AS Photo Project - stock.adobe.c
Computer Weekly is looking for nominations for its 2022 list of the most influential women in UK technology.
Each year, in partnership with Spinks, Computer Weekly puts together the top 50 list to shine a light on women in the UK tech sector and to make them more visible and accessible as role models in the space.
In 2012, Computer Weekly launched the first list which comprised of only 25 women – now, in its eleventh iteration, the list has grown to showcase the top 50 women in the UK’s tech sector, and last year’s longlist featured more than 500 women.
Once the nominations are received, a group of expert judges will choose the top 50 shortlist based on criteria including achievements, potential, leadership skills and the influence of each nominee.
Computer Weekly readers can then vote on the top 50 via an online poll to indicate who on the shortlist they believe should be named the 2022 Most Influential Woman in UK Technology.
The winner of the title Most Influential Woman in UK Tech 2022, as well as the order of the top 50, will be announced at the Computer Weekly/Nash Squared diversity in tech event in London in October 2022, this year being held in partnership with headline sponsor NatWest Group / Tyl by NatWest.
Last year’s winner, Poppy Gustafsson, CEO of artificial intelligence (AI) and cyber security firm Darktrace, told Computer Weekly at the time that the technology sector is increasingly in need of a mix of skillsets, including soft skills, emphasising that the key to innovation is applying one’s skillset in a creative way to solve a problem.
She said: “Just because you don’t understand the ones and zeros doesn’t stop you thinking about how you can use that technology to solve different problems.”
Please complete the form below to explain who you would like to nominate – and why – along with some basic details about yourself, and click on the “Submit” button to send your nomination to our judges.
Each year, Computer Weekly also recognises the technology sector’s Rising Stars alongside the top 50, as well as adding several great women in tech to its Hall of Fame.
In honour of 2021 having being the tenth year of the top 50 list of the Most Influential Women in UK Tech, last year saw 10 women added to the Hall of Fame, along with 10 women named as Rising Stars who are likely to appear on the top 50 list in the near future.
The deadline for submission of nominations for this year’s list is 09:00 on 8 August 2022.
The judging panel that will decide the shortlist and order of the top 50 alongside the readers’ vote comprises industry professionals and experts, including:
- Russ Shaw, founder of Tech London Advocates and Global Tech Advocates.
- Debbie Forster, CEO, Tech Talent Charter.
- Amali de Alwis, CEO, Subak.
- Jo Stansfield, founder and director, Inclusioneering; member, BCSWomen.
- Clare McDonald, business editor at Computer Weekly.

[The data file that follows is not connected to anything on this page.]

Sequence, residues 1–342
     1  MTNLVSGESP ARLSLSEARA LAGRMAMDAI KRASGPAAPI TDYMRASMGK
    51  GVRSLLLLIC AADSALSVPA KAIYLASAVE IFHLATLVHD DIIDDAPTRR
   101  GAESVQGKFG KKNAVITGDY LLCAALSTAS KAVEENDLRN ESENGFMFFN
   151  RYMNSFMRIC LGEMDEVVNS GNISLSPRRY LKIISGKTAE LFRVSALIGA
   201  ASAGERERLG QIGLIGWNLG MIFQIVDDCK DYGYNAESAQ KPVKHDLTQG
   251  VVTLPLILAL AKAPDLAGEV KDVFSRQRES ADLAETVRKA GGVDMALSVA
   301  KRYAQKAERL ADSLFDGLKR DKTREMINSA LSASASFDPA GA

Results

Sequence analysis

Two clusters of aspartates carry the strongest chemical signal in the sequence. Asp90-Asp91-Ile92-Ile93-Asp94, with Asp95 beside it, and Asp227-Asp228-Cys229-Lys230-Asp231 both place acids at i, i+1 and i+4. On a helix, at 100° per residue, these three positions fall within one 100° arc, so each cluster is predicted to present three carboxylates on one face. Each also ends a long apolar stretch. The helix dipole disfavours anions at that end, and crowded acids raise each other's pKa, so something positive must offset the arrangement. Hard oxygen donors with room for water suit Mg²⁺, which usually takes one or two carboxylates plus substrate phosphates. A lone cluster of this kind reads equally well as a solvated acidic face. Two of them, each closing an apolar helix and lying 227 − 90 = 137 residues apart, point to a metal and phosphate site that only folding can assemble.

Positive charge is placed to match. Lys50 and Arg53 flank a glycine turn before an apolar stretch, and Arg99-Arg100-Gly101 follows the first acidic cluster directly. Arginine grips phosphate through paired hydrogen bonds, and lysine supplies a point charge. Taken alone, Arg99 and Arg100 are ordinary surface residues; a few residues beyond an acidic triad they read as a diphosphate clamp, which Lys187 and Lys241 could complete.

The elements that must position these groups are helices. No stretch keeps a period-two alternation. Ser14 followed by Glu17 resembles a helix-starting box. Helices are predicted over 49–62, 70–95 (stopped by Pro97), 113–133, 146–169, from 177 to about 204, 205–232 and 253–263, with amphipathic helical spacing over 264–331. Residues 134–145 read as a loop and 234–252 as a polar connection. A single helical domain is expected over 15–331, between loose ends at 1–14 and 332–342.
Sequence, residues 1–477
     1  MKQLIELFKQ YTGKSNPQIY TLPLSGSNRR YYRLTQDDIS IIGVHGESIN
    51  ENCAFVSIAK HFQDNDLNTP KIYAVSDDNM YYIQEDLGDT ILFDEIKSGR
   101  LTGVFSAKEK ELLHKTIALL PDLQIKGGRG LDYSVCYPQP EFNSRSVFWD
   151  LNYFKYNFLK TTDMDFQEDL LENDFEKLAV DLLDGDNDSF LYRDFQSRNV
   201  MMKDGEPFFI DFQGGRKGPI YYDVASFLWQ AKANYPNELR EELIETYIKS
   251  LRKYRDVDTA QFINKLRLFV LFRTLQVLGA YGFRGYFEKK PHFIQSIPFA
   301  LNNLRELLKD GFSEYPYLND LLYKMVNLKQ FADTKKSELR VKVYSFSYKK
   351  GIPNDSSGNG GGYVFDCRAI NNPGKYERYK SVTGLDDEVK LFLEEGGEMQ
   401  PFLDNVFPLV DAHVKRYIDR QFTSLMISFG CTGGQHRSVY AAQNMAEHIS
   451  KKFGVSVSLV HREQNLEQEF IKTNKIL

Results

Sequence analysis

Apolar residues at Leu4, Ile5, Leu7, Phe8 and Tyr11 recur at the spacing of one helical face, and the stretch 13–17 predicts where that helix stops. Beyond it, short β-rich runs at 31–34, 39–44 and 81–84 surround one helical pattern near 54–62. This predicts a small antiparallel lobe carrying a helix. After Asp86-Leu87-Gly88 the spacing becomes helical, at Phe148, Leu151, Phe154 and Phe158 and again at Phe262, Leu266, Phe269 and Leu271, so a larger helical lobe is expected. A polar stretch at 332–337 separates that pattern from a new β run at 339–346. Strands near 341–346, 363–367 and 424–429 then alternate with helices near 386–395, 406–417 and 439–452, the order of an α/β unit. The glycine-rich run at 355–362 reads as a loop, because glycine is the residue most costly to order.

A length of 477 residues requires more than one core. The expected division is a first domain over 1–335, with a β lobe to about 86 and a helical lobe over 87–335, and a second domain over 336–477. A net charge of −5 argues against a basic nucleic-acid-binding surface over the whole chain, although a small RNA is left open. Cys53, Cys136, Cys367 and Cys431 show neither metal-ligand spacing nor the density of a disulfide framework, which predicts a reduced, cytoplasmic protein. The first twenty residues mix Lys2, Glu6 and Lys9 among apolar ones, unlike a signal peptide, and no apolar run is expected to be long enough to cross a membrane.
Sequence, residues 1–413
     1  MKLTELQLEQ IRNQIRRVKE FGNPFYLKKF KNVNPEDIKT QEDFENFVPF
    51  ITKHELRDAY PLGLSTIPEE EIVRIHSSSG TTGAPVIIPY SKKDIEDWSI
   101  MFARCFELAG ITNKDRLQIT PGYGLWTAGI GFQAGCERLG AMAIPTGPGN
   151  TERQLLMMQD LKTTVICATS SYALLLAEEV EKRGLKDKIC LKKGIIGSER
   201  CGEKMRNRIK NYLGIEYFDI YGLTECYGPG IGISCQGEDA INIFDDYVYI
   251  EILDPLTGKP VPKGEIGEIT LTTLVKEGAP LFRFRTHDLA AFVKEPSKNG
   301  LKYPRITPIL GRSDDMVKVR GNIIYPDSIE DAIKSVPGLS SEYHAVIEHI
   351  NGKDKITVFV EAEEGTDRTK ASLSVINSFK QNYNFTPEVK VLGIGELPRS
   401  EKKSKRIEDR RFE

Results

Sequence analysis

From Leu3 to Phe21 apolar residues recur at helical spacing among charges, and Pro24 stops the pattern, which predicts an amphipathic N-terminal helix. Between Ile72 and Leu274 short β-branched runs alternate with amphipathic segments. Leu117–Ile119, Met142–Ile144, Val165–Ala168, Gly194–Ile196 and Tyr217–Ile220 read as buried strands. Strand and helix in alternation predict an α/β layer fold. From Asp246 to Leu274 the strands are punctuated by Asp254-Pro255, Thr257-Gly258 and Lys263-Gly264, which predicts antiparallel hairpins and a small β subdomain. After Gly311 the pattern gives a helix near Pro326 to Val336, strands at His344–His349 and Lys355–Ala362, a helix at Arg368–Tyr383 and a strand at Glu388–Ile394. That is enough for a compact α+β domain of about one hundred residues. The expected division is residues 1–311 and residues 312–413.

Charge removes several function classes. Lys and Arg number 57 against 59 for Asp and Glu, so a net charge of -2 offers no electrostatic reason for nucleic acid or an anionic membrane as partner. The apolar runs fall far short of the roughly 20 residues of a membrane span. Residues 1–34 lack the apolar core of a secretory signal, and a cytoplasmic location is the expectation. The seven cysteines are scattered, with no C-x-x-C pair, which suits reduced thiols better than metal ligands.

- Bryan Glick, editor-in-chief of Computer Weekly.
- A representative from Nash Squared.
- A representative from the NatWest Group / Tyl by NatWest.
Debbie Forster, CEO of not-for-profit Tech Talent Charter, and a previous winner of the accolade, said: “While there are still so relatively few women in the IT sector, it’s fundamental that we celebrate and amplify those who are breaking the mould and doing amazing work in shaping the future of the whole sector. It’s a personal thrill for me to learn more about these incredible women and to play a part in helping to honour their achievements.”
The Computer Weekly women in IT Hall of Fame
Each winner of the Most Influential Woman in UK Tech award is inducted into the Hall of Fame, along with any other women who the judges feel deserve such recognition for their lifetime contribution to the sector.
The aim is to celebrate the most successful women in tech, as well as give our judges the opportunity to introduce new entrants to the top 50 list as emerging role models.
Current members of the Hall of Fame are:
- Jacqueline De Rojas, past-president of TechUK.
- Joanna Shields, CEO of BenevolentAI.
- Jane Moran, former global CIO of Unilever.
- Sue Black, founder of TechMums, Bletchley Park campaigner.
- Wendy Hall, Regius professor of computer science at the University of Southampton.
- Stephanie Shirley, entrepreneur, philanthropist, legend.
- Martha Lane Fox, founder of Doteveryone.org.uk, entrepreneur.
- Maggie Philbin, CEO of TeenTech.
- Gillian Arnold, managing director at Tectre.
- Sherry Coutu, founder, Founders4Schools.
- Chi Onwurah, Labour MP for Newcastle upon Tyne Central, shadow minister for digital, science and tech.
- Hannah Dee, senior lecturer at Aberystwyth University and founder of the BCSWomen Lovelace Colloquium.
- Sarah Wood, co-founder of Unruly Media, author.
- Amali de Alwis, CEO, Subak.
- Kate Russell, author, tech reporter, speaker, educator.
- Kathryn Parsons, co-founder and co-CEO of Decoded.
- Maggie Berry, director, The Heart of the City.
- Max Benson and Karen Gill, co-founders of Everywoman.
- Debbie Forster, CEO of Tech Talent Charter.
- Eileen Burbidge, partner, Passion Capital.
- Margaret Ross, emeritus professor of software quality, Southampton Solent University.
- Nicola Mendelsohn, vice-president Global Business Group, Meta.
- Sheila Flavell, chief operating officer, FDM Group; president, techUK.
- Anne-Marie Imafidon, founder and CEO, Stemettes.
- Carrie Anne Philbin, director of education, Raspberry PI Foundation.
- Cindy Rose, president of Western Europe, Microsoft.
- Elizabeth Denham, former information commissioner, Information Commissioner’s Office.
- Helen Milner, founder and CEO, the Good Things Foundation.
- Jo Twist, CEO, UKIE.
- Rebecca George, previous managing partner for government and public services, Deloitte.
- Sarah Burnett, founding partner and non-executive director, Emergence Partners.
- Sue Daley, director of tech and innovation, TechUK.
- Trudy Norris-Grey, chair, Wise.
- Poppy Gustafsson, CEO, Darktrace.